Now you can buy, borrow and read to your heart’s delight without the need for shelving and other storage. A tablet or laptop is all that’s required. Just a few years ago if you had a tiny book collection your tiny house would need to devote precious real estate just for those books. Today there need be almost no thought given to the storage of reading matter.
MOVIE RENTALS/ON DEMAND
The convenience of today being able to stream or rent video entertainment on demand has changed the way we might enjoy tiny house living. As always, everything we bring into our houses requires some amount of storage: everything has a footprint. Even if the “thing” is just a videocassette or a DVD sleeve, it must live somewhere. And it needs a space-consuming device in order to play it. Now whether you use satellite, cable or the internet, you can get on-demand video without additional space requirements. The savings of having to drive, pick up, drive, return may be obvious. But there are additional savings for the tiny house dweller: no additional space is required if you suddenly want to wrap up with a bowl of popcorn and enjoy a flick.
TINY IN THE KITCHEN
Popcorn leads us to the kitchen. Popcorn of course isn’t the best example here. We’ve had microwaveable popcorn in tiny space-saving bags for a long time. But other changes have made the tiny kitchen in the tiny house a more useful place as well.
The kitchen is perhaps a harder place to save space because so many of the tools required in a basic kitchen have a minimum footprint with which you cannot barter.
Silicone cookware is an amazing alternative to traditional baking sheets, muffin pans and baking dishes. Silicone is so flexible you can roll it up and squish it into otherwise unused space. You don’t have to give up on the baking options available to you, nor do you have to devise complicated storage methods. Silicone can give you all the options in the space of a few inches.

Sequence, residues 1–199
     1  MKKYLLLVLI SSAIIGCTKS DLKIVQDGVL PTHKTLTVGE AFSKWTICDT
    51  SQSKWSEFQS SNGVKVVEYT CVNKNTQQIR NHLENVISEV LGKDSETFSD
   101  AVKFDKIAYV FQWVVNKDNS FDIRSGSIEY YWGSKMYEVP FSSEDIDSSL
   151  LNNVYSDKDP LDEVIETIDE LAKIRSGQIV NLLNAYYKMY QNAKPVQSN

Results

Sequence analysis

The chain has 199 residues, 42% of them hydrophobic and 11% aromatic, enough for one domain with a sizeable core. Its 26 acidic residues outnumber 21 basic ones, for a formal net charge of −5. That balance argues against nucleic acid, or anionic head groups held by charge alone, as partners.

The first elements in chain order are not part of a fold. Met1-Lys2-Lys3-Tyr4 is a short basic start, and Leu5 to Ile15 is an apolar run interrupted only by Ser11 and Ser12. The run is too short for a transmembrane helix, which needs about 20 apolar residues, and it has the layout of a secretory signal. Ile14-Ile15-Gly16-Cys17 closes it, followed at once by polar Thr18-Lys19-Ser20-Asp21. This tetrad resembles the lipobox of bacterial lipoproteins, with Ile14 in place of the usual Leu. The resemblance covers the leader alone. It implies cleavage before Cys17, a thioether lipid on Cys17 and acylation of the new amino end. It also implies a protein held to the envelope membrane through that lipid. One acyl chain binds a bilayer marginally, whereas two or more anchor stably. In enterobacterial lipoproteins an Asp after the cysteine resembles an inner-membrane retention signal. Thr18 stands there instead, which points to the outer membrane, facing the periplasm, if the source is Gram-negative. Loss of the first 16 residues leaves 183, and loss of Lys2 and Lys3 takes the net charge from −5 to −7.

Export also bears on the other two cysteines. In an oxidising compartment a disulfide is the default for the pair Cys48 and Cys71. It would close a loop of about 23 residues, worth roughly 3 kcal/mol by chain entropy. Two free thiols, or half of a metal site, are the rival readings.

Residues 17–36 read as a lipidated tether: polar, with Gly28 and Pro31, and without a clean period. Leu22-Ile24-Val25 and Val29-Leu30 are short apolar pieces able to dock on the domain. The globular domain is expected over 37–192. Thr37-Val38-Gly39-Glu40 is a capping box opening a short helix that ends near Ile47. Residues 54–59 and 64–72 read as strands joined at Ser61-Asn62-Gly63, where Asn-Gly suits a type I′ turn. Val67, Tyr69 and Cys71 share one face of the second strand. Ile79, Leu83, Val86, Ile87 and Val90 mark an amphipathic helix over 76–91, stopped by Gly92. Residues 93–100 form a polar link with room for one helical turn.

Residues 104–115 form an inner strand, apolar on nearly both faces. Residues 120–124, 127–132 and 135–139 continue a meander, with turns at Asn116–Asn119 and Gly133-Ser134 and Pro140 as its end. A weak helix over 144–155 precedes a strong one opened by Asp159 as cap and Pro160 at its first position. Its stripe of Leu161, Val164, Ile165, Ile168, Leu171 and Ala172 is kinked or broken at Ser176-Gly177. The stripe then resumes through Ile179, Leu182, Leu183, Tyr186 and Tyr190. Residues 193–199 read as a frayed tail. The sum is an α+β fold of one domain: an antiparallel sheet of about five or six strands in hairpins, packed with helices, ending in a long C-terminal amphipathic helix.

Another way to save space in the tiny house is to make each tool do more than one job. More popular today are convection microwave ovens. These dual-purpose tools give you the speed of microwave cooking as well as a traditional oven all in one. In the past the tiny house dweller would probably have both a microwave and an oven. Without giving up on capabilities, you now can have a single tool that does both.
Popular in Europe for years but now seeing some traction in the U.S., on demand or tankless water heaters offer a tremendous space savings in the tiny house.
You don’t need to compromise on a small quantity of hot water nor give up the space of a small closet to house a traditional tank model water heater.
Even if your tiny house plans call for an RV-style water heater, which on its own doesn’t take up much space, a tankless unit provides greater efficiency and none of that sudden chill when the hot stuff runs out before you’re done with your shower.
A tankless water heater can hang on the wall, even inside a cupboard, and provide nearly endless hot water. Not only do you get a more energy-efficient system, you get all the hot water you want without dedicating much space to the unit. In this case you get so much more for so much less.
For me one of the worst household chores is laundry. The tedium is multiplied if I have to schlep the dirty clothes to a pay laundry. A huge part of a house being a home for me is being able to do my laundry at home.
Perhaps the obvious choice for those who want to incorporate clothes-washing in their tiny house is a stackable washer and dryer. Another option is the combination unit: a single machine that washes and dries.
Taking up the same space as a single machine, the combination option frees up the storage bonanza that would be taken by a dryer in a traditional stackable unit.
Living in a tiny house is getting more and more practical with each passing improvement. This short list alone shows that living in a tiny house is less about what you must give up or adapt to and more about embracing the lifestyle of less.
I may just be ready after all.